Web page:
Alcohol withdrawal: Epidemiology, clinical manifestations, course, assessment, and diagnosis
- Christine Pace, MD, MSc
Christine Pace, MD, MSc
- Assistant Professor of Medicine
- Boston University School of Medicine
Minor manifestations of alcohol withdrawal include anxiety, agitation, restlessness, insomnia, tremor, diaphoresis, palpitations, headache, and alcohol craving, and often loss of appetite, nausea, and vomiting. Moderate and severe withdrawal syndromes can include hallucinations, seizures, or delirium tremens; the latter two can be life-threatening.
Most people with alcohol use disorder do not experience significant withdrawal when they stop or reduce drinking, but withdrawal is common among medical and surgical inpatients and in emergency departments.
This topic reviews the clinical manifestations, course, assessment and diagnosis of alcohol withdrawal. Ambulatory and inpatient management of alcohol withdrawal syndromes are reviewed separately. (See "Ambulatory management of alcohol withdrawal" and "Management of moderate and severe alcohol withdrawal syndromes".)
The epidemiology, pathogenesis, clinical manifestations, course, screening, assessment, diagnosis, and treatment of risky drinking and alcohol use disorder are also reviewed separately. (See "Risky drinking and alcohol use disorder: Epidemiology, pathogenesis, clinical manifestations, course, assessment, and diagnosis" and "Psychosocial treatment of alcohol use disorder" and "Pharmacotherapy for alcohol use disorder".)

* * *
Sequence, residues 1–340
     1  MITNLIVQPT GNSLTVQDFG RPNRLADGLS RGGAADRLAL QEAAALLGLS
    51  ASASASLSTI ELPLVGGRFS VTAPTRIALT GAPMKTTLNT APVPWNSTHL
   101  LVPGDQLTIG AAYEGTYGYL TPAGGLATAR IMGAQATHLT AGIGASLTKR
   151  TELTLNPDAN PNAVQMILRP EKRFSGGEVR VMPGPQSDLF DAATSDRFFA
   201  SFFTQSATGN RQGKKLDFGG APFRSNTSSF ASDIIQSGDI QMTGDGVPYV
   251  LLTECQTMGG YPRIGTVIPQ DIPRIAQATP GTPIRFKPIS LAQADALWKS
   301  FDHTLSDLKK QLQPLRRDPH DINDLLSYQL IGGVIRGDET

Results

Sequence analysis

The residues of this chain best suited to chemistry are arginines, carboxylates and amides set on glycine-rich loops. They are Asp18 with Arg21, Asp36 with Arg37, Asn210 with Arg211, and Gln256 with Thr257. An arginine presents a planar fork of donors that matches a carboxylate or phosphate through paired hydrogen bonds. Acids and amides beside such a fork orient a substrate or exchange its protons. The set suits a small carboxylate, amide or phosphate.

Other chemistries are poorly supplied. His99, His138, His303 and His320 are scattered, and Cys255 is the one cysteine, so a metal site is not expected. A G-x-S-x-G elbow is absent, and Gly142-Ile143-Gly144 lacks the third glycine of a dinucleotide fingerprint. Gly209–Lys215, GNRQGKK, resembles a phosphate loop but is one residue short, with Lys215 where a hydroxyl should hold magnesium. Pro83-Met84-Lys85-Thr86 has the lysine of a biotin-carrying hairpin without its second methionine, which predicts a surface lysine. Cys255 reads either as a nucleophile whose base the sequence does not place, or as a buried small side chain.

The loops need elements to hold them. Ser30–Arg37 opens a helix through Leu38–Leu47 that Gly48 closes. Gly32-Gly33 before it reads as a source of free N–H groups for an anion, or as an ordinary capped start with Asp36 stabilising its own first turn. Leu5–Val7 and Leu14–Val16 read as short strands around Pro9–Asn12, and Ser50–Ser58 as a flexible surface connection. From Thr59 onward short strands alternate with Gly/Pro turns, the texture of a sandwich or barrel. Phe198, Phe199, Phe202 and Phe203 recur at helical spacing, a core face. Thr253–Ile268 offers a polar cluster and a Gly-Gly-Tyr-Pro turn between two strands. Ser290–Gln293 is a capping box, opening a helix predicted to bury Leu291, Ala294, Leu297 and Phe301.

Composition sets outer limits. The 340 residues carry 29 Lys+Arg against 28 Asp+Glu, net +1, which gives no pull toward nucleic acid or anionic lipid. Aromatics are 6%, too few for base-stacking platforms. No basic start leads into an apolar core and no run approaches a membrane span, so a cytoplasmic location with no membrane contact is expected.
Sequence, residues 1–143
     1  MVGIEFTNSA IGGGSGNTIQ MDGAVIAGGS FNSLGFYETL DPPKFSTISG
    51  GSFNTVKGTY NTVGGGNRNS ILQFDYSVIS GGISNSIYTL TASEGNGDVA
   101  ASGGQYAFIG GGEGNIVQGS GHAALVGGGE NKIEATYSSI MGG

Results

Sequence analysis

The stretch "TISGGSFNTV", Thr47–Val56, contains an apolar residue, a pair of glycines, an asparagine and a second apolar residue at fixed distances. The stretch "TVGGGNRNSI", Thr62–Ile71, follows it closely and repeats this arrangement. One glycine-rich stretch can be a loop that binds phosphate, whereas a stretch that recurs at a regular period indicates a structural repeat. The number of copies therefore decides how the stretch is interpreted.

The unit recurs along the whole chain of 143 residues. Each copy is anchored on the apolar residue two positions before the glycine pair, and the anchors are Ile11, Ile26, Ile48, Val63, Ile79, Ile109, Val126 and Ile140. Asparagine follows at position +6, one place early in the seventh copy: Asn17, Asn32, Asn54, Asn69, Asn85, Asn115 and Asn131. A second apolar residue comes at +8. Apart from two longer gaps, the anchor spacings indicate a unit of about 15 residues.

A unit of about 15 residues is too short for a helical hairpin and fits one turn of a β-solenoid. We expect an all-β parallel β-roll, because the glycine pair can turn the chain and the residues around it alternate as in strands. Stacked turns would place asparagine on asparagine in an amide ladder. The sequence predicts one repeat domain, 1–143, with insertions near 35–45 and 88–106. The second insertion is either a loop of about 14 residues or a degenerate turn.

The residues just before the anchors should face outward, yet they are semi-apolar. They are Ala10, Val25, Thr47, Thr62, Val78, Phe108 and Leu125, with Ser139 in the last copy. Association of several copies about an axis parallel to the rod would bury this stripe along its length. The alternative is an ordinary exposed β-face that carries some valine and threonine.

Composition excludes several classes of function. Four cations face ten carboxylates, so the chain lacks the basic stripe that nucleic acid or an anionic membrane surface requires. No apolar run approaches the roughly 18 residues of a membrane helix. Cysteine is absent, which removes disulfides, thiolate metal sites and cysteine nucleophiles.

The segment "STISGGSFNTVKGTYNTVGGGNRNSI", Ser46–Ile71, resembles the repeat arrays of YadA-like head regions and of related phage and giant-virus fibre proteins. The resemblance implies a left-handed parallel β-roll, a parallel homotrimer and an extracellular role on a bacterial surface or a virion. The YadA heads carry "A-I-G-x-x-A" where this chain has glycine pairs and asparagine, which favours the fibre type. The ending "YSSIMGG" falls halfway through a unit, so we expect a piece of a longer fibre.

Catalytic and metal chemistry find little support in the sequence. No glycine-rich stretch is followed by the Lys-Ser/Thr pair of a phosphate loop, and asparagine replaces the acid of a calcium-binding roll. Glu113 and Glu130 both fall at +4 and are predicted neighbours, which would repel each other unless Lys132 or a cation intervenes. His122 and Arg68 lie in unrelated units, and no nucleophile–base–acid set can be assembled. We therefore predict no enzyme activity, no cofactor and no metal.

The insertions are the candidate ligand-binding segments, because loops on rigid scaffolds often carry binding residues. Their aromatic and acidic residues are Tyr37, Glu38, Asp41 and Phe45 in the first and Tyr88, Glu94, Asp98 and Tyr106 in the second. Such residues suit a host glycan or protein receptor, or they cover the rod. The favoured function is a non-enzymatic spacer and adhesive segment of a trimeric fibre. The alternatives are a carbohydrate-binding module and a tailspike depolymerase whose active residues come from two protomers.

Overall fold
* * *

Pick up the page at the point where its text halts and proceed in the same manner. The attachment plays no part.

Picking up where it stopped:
The prevalence of alcohol use disorder (alcohol abuse and dependence in DSM-IV) is estimated to be 14 percent in community based samples in the United States  and as high as 40 percent among hospitalized patients . Approximately half of patients with alcohol use disorder experience alcohol withdrawal when they reduce or stop drinking [3,4].To continue reading this article, you must log in with your personal, hospital, or group practice subscription. For more information on subscription options, click below on the option that best describes you:
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- CLINICAL PRESENTATION AND COURSE
- Mild withdrawal
- Alcohol hallucinosis
- Withdrawal seizures
- Withdrawal delirium
- Severe alcohol withdrawal syndrome
- Patient history
- Physical examination
- Laboratory and other testing
- CIWA-Ar scale
- DSM-5 diagnostic criteria
- Differential diagnosis
- - Early withdrawal symptoms
- - Alcohol withdrawal seizures
- - Alcohol hallucinosis
- - Withdrawal delirium
- INFORMATION FOR PATIENTS